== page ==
We have already used equations on a number of occasions, and throughout this book we shall continue to use them. Equations frequently summarise important facts. Thus the fact that the simple interest (I) at an interest rate (r) on a principal (P) is the rate multiplied by the principal can be summarized as I = rP. Equations can also be descriptive and useful for management decisions. In Chapter 3 we saw how the I = rP equation can be helpful in capital investment appraisal decisions. Equations can provide models either at macroeconomic level — for instance, the input output model for the economy (Chapter 5) — or at the microeconomic level. One example of the latter is that for a product produced by a firm, total costs are a + bx, where a are the fixed costs, b the variable costs per unit and x the number of units produced (provided that certain basic assumptions and conditions are met). If we call total costs y, these costs are then given by the equation y = a + bx.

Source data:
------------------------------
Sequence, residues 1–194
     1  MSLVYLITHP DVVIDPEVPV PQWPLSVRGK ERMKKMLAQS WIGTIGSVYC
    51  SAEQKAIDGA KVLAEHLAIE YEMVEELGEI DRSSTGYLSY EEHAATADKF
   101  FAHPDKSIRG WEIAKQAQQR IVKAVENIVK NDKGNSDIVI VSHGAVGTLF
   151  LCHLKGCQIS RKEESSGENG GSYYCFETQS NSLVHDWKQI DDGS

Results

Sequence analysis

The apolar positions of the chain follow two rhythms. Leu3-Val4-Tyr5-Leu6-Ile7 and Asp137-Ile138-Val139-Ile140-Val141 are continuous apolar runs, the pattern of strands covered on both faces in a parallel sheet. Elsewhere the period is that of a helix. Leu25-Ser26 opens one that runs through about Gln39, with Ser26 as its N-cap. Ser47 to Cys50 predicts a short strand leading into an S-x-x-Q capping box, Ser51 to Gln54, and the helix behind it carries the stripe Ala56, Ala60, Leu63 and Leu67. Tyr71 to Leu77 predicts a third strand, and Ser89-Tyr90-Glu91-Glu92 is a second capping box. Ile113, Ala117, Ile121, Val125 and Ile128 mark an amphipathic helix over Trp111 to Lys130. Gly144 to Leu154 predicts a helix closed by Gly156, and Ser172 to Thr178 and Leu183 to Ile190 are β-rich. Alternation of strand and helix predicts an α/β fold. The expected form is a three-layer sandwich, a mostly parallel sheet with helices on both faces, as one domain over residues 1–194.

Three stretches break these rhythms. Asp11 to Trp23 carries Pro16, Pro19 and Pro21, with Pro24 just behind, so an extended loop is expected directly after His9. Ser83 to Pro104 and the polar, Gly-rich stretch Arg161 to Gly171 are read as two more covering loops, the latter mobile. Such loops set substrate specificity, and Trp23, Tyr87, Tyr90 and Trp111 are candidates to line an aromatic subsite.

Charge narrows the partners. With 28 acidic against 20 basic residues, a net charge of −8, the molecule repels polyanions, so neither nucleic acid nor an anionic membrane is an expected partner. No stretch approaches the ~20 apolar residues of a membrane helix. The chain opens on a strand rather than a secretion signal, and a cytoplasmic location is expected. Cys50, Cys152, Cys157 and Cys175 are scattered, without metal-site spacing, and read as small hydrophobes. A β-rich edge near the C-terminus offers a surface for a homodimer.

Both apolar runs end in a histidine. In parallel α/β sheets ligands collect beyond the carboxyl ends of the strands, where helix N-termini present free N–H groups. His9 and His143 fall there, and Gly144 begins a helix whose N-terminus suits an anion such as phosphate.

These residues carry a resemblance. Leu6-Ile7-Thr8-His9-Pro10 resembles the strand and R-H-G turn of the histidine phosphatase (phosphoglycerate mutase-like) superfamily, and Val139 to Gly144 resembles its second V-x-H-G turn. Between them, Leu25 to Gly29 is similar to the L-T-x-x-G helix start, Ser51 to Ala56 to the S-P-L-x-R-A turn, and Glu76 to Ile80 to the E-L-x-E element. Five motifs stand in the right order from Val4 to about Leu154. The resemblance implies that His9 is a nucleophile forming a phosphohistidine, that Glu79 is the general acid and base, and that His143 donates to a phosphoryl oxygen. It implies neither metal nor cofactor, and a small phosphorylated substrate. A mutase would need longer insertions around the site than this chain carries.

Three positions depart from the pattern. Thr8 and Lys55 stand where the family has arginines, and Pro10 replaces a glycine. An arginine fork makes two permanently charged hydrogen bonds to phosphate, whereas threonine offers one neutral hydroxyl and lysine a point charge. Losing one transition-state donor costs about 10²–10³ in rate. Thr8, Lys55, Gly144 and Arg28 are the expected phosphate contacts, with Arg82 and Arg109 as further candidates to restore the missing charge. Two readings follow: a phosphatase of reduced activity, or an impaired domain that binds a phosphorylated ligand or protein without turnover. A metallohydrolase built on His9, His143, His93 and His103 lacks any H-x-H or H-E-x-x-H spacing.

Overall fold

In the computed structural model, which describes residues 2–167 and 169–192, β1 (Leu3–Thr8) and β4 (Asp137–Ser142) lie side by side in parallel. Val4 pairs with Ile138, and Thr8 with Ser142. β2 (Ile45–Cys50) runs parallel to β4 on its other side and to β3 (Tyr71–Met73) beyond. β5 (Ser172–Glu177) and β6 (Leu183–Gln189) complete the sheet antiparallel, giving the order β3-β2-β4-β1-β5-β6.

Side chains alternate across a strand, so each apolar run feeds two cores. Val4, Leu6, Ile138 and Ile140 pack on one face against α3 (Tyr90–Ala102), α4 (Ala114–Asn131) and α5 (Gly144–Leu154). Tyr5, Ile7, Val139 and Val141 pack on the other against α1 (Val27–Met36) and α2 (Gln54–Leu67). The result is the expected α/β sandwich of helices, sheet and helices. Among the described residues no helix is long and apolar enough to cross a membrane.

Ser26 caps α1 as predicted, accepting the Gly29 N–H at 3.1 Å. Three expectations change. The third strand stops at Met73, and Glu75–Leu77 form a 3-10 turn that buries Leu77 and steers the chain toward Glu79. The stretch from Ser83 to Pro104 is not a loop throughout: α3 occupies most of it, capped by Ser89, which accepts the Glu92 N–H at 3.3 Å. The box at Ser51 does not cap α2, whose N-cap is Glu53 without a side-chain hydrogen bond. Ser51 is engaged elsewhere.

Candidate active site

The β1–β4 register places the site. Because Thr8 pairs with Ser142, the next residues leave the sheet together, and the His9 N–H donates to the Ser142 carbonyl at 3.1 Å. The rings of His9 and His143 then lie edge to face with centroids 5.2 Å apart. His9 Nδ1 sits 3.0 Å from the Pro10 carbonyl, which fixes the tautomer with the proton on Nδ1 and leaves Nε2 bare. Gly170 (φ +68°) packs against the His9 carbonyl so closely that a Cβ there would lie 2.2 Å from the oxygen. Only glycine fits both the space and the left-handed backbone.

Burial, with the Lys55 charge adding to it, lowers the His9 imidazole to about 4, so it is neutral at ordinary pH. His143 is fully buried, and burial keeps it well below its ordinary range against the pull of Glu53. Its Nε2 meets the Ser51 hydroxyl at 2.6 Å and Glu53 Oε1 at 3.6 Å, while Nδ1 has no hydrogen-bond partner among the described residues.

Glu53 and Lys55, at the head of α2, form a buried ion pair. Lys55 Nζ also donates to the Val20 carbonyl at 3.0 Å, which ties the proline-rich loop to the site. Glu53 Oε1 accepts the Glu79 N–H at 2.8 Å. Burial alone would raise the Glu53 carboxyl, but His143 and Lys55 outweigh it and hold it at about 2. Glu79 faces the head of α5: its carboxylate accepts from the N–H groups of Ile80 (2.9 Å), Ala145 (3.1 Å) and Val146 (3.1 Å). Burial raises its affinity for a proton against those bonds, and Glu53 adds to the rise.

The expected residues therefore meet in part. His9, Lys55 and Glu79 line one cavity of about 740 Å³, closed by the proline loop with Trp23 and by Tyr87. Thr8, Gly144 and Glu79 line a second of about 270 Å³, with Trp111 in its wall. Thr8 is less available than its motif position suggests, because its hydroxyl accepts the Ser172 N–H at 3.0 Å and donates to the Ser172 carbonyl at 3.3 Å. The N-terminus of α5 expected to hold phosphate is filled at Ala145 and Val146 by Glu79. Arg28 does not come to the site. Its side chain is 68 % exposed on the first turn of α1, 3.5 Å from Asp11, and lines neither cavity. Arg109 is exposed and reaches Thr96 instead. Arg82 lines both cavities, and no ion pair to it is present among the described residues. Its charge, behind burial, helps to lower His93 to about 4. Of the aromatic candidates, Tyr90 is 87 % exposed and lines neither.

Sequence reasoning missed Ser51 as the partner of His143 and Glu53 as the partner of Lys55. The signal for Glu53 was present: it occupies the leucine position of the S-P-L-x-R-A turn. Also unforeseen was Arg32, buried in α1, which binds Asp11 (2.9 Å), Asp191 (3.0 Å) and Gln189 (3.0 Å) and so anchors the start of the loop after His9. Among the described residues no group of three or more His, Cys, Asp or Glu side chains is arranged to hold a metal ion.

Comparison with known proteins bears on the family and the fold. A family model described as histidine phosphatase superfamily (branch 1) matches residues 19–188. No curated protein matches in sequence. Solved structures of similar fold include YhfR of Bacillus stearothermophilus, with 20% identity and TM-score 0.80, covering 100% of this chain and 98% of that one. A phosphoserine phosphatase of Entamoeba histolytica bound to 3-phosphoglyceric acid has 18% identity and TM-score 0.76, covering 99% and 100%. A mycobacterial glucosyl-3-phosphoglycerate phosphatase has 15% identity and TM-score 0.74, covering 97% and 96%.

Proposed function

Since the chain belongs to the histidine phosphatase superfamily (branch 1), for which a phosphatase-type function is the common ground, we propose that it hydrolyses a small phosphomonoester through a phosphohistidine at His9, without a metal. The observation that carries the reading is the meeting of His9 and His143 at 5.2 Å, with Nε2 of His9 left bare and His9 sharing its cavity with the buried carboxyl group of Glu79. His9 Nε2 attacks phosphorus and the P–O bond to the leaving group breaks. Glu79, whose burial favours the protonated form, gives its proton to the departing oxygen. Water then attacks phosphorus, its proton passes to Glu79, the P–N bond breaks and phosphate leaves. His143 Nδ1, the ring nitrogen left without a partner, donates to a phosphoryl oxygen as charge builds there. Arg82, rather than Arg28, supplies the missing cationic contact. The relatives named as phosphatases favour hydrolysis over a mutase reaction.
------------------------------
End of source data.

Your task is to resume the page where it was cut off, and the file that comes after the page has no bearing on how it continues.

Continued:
Weitere Kapitel dieses Buchs durch Wischen aufrufen
- Linear and Higher-power Equations
- Macmillan Education UK
- Chapter 7
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